Apart from the extensive loss of motor neurons, degeneration of midbrain dopaminergic cells has been described in both familial and sporadic forms of amyotrophic lateral sclerosis (ALS). Mice overexpressing the mutant human Cu/Zn superoxide dismutase (SOD1) show an ALS-like phenotype in that they show a progressive death of motor neurons accompanied by degeneration of dopaminergic cells. To describe the functional alterations specifically associated with this dopaminergic dysfunction, we have investigated the corticostriatal synaptic plasticity in mice overexpressing the human SOD1 (SOD1) and the mutated (Gly933Ala) form (G93A) of the same enzyme. We show that repetitive stimulation of the corticostriatal pathway generates long-term depression (LTD) in SOD1 mice and in control (G93A/SOD1) animals, whereas in G93A mice the same stimulation generates an N-methyl-D-aspartic acid receptor-dependent long-term potentiation. No significant alterations were found in the intrinsic membrane properties of striatal medium spiny neurons and basal corticostriatal synaptic transmission of G93A mice. Bath perfusion of dopamine or the D2 dopamine receptor agonist quinpirole restored LTD in G93A mice. Consistent with these in vitro results, habituation of locomotor activity and striatal-dependent active avoidance learning were impaired in G93A mice. Thus, degeneration of dopaminergic neurons in the substantia nigra of G93A mice causes substantial modifications in striatal synaptic plasticity and related behaviors, and may be a cellular substrate of the extrapyramidal motor and cognitive disorders observed in familial and sporadic ALS.

Altered long-term corticostriatal synaptic plasticity in transgenic mice overexpressing human CU/ZN superoxide dismutase (GLY(93)-->ALA) mutation

GUATTEO, EZIA;
2003

Abstract

Apart from the extensive loss of motor neurons, degeneration of midbrain dopaminergic cells has been described in both familial and sporadic forms of amyotrophic lateral sclerosis (ALS). Mice overexpressing the mutant human Cu/Zn superoxide dismutase (SOD1) show an ALS-like phenotype in that they show a progressive death of motor neurons accompanied by degeneration of dopaminergic cells. To describe the functional alterations specifically associated with this dopaminergic dysfunction, we have investigated the corticostriatal synaptic plasticity in mice overexpressing the human SOD1 (SOD1) and the mutated (Gly933Ala) form (G93A) of the same enzyme. We show that repetitive stimulation of the corticostriatal pathway generates long-term depression (LTD) in SOD1 mice and in control (G93A/SOD1) animals, whereas in G93A mice the same stimulation generates an N-methyl-D-aspartic acid receptor-dependent long-term potentiation. No significant alterations were found in the intrinsic membrane properties of striatal medium spiny neurons and basal corticostriatal synaptic transmission of G93A mice. Bath perfusion of dopamine or the D2 dopamine receptor agonist quinpirole restored LTD in G93A mice. Consistent with these in vitro results, habituation of locomotor activity and striatal-dependent active avoidance learning were impaired in G93A mice. Thus, degeneration of dopaminergic neurons in the substantia nigra of G93A mice causes substantial modifications in striatal synaptic plasticity and related behaviors, and may be a cellular substrate of the extrapyramidal motor and cognitive disorders observed in familial and sporadic ALS.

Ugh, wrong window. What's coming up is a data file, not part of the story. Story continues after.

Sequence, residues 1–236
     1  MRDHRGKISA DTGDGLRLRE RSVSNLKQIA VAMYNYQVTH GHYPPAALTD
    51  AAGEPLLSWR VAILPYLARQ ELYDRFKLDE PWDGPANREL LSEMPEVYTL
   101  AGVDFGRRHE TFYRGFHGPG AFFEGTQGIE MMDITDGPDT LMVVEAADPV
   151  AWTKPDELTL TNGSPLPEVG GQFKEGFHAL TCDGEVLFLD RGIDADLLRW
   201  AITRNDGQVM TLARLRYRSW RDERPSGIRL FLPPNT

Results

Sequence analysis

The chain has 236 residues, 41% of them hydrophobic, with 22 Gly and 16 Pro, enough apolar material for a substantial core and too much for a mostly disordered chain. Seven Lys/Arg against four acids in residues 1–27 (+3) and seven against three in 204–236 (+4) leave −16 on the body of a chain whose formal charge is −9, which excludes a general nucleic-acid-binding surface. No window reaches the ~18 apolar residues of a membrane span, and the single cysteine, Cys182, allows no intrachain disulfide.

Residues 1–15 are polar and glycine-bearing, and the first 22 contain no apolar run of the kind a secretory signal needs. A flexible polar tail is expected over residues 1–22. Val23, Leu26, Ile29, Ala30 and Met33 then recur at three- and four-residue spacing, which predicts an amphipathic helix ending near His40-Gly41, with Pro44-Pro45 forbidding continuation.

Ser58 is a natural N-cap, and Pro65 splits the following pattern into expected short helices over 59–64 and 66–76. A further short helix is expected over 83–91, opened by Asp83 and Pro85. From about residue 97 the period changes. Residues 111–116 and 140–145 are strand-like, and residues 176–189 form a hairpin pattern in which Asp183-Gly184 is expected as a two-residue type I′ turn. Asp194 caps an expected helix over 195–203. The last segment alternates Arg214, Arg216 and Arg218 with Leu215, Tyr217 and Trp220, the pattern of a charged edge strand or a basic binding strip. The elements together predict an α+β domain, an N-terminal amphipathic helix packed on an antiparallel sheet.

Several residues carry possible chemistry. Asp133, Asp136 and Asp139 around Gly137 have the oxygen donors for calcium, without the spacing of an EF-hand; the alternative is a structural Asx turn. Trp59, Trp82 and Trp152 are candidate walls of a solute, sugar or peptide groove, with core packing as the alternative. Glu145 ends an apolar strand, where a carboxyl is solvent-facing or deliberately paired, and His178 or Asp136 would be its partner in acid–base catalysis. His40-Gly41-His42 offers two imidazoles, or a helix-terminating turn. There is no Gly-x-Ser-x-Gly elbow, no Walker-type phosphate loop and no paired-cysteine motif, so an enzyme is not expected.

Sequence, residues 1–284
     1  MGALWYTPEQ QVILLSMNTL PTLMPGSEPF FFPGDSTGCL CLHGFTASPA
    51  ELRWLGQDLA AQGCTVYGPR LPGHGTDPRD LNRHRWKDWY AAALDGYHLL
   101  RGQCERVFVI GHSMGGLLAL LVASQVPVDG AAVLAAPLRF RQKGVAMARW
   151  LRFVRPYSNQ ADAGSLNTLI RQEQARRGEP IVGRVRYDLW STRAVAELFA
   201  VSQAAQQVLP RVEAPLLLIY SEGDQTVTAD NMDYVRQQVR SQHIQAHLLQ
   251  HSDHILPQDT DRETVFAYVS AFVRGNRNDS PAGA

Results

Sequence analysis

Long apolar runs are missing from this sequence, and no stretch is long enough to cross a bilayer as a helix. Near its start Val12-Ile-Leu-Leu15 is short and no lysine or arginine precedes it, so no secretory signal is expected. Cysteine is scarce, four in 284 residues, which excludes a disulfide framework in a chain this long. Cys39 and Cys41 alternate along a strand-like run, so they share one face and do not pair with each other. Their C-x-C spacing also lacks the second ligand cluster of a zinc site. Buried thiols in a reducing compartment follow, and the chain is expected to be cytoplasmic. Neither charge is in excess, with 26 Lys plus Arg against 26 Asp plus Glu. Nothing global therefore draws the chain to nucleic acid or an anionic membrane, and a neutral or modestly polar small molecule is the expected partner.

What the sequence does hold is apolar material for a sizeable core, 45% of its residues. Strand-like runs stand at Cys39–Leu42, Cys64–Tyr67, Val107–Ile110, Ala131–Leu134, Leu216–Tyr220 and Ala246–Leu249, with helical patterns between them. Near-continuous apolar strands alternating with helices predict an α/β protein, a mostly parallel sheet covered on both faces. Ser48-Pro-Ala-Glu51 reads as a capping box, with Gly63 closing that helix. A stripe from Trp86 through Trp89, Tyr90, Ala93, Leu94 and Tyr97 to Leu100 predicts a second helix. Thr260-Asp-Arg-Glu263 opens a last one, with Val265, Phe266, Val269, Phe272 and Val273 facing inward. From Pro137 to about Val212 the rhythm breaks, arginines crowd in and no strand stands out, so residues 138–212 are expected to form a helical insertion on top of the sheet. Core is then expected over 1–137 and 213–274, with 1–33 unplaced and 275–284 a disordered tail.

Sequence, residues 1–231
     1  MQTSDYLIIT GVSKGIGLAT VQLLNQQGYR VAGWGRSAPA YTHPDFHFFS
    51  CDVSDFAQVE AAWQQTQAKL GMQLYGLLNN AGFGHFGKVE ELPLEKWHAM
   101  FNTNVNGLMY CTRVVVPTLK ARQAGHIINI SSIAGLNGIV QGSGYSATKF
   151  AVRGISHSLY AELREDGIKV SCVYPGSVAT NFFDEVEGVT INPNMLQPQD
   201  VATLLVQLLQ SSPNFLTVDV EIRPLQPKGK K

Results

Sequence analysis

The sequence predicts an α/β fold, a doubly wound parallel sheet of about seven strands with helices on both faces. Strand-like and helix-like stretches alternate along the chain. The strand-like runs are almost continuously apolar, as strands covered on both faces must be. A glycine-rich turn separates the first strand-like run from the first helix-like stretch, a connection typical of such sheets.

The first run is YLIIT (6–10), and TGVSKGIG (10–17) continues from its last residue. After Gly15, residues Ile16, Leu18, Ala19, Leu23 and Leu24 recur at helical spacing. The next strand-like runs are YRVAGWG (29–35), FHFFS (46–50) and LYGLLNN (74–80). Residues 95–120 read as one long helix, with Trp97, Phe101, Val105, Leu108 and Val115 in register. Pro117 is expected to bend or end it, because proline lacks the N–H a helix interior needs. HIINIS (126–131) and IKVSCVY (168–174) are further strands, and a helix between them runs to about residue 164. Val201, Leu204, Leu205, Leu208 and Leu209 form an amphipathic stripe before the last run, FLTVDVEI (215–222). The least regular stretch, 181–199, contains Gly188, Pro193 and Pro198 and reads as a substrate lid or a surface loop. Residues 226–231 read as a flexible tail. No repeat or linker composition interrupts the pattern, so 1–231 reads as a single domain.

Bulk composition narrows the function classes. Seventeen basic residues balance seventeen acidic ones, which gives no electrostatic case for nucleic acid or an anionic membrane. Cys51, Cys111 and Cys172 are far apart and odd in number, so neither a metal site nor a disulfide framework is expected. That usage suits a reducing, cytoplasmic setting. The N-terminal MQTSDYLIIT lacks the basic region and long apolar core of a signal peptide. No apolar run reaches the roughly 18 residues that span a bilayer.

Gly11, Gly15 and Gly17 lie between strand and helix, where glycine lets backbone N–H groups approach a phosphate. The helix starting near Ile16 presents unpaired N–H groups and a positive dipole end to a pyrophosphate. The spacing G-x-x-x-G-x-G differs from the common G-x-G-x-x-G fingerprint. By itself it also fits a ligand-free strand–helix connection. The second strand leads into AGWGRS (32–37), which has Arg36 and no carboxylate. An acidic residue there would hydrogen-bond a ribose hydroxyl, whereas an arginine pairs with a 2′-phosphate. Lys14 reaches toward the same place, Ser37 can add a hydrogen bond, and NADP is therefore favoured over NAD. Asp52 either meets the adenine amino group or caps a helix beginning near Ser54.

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Utilizza questo identificativo per citare o creare un link a questo documento: https://hdl.handle.net/11367/53655
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